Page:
Amazon recently announced their new Sponsored Display product. Here’s a brief overview of the beta, who should take advantage of it, what it means for programmatic teams, and what the future implications could be for advertisers.
What is the Sponsored Display Beta?
Last week, Amazon rolled out a new Sponsored Display beta to sellers, vendors, and integrators in the US market. With this beta, advertisers can continue to access Product Display Ads (PDAs) targeting on-site. More importantly, buyers can now run audiences off-site across third-party exchanges through their ad console (APS is not yet available). Creative is pulled directly from Amazon PDPs just like Amazon’s Dynamic E-Commerce Ads (DEA), and can be generated quickly and easily for campaigns.
Who should take advantage of this product
This can be interesting for brands who are 100% focused on search and want to test display remarketing at low levels of spend. Sponsored Display does not require the same minimums an overall account would to activate in the DSP, and the logistics for setup are certainly easier. Sponsored Display is also a CPC model, so it’s set up to be action-oriented and focused on lower funnel targeting and tactics to bring previous viewers back to convert.
Beware: If brands are already promoting ASINs via DSP, they should not promote the same ASINs within Sponsored Display, as these tactics would compete.
Sponsored Display, however, can provide an opportunity to promote supplemental ASINs not currently supported in broader display efforts. This could be relevant for 1:1 retargeting with individual ASINs for increased relevancy vs. promoting hero ASINs for those viewers.
An important note: Sponsored Display currently lacks transparency regarding site lists and brand safety, and it does not allow for any 3rd party tagging. It’s truly a beta in its ‘bare bones’ state. While we expect more features to be added over time, this does not seem to be the priority for Amazon, so brands should be wary when testing. If brand safety is a major concern, Amazon’s DSP has been rolling out verification features and improvements through IAS and DV, so that may be a better fit.
What it means for programmatic teams currently using Amazon’s DSP
The targeting and optimization capabilities within Amazon’s DSP are far superior when compared to Sponsored Display, so this won’t have a short-term effect on programmatic teams who are already activating.
- Retargeting through the beta is automatic, and brands cannot adjust audience definitions or edit the auto-generated creative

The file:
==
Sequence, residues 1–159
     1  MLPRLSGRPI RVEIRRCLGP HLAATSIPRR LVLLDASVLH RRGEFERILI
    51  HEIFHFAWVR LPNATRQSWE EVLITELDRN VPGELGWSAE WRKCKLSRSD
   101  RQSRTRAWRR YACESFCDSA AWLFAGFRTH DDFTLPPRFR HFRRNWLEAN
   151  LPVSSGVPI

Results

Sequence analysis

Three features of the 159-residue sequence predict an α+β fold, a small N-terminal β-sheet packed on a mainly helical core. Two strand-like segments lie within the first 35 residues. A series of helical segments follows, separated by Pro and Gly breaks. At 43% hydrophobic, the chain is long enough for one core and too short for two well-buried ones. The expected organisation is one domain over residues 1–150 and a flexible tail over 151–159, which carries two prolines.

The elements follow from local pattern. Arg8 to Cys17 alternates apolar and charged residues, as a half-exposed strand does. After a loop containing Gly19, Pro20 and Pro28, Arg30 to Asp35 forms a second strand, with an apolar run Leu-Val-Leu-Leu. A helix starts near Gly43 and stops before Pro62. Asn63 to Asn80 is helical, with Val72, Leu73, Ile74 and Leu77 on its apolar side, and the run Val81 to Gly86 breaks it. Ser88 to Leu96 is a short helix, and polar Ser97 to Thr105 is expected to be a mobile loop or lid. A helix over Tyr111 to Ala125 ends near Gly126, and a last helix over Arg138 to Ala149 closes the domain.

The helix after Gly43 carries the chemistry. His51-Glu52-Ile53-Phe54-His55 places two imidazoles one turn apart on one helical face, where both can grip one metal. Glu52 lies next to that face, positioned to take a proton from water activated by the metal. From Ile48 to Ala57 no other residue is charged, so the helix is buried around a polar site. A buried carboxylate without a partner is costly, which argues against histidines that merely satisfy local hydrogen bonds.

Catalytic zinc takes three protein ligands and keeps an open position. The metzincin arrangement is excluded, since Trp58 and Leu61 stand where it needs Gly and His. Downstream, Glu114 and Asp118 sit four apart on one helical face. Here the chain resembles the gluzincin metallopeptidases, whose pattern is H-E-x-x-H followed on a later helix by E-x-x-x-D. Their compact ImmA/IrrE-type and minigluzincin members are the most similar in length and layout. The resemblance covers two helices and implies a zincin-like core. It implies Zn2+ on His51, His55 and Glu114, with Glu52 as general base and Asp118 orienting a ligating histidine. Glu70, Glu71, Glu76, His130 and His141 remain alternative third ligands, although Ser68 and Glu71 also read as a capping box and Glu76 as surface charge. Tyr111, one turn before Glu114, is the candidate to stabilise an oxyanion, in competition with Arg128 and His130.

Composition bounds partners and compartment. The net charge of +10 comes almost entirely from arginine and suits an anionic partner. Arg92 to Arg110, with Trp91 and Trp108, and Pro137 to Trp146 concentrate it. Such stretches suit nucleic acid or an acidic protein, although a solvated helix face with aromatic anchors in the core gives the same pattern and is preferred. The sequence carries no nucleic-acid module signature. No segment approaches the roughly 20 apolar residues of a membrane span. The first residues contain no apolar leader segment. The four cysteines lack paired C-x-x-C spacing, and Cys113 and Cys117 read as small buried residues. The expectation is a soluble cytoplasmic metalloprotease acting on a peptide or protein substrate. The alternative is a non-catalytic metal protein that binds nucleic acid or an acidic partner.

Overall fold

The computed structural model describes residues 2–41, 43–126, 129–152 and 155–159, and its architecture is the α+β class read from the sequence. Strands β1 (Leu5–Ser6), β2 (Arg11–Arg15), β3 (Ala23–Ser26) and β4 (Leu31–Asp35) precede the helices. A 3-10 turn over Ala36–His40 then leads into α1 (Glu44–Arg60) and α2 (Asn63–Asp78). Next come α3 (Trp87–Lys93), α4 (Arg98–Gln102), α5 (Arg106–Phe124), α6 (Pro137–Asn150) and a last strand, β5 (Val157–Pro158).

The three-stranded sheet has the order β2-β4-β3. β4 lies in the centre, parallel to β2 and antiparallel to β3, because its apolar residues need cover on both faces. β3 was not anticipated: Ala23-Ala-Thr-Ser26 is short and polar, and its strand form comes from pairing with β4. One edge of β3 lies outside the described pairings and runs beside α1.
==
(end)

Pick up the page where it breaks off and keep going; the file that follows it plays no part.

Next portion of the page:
- The new Audience Builder tool in the DSP allows for much more customization when defining audiences, such as applying exclusions
- Sponsored Display only supports product based ASIN creative, while the DSP offers a wider offering for creative options and customization within their DEA product
- Programmatic buyers have also found that manual adjustments on top of auto bid optimization has been successful in enhancing performance in the DSP, such as the ability to control inventory sources and viewability
While this announcement won’t change setups for brands already activating display, it could result in many smaller brands and sellers testing out display for the first time in the marketplace and increase competition overall. To stay ahead of this, programmatic teams should monitor performance and bids across 3rd party exchanges if they have long-tail competitors in the marketplace.
What it could mean for the future of display
The fact that Amazon created a different avenue to implement display outside of the DSP may be a signal to what could come next. It appears this addition is meant to target smaller advertisers and sellers to add display into their media mix now, but programmatic teams should continue to watch this product evolve as new features roll out. API access is also already available for Sponsored Display, and it should be available for the DSP soon.
Currently the offering is very limited, but if initial testing and adoption is strong then Amazon is likely to continue blurring the lines on the differentiation. It would be enticing to have all your Amazon media run through one account and pull in through one API, so this could be a larger implication over time for advertisers and agencies.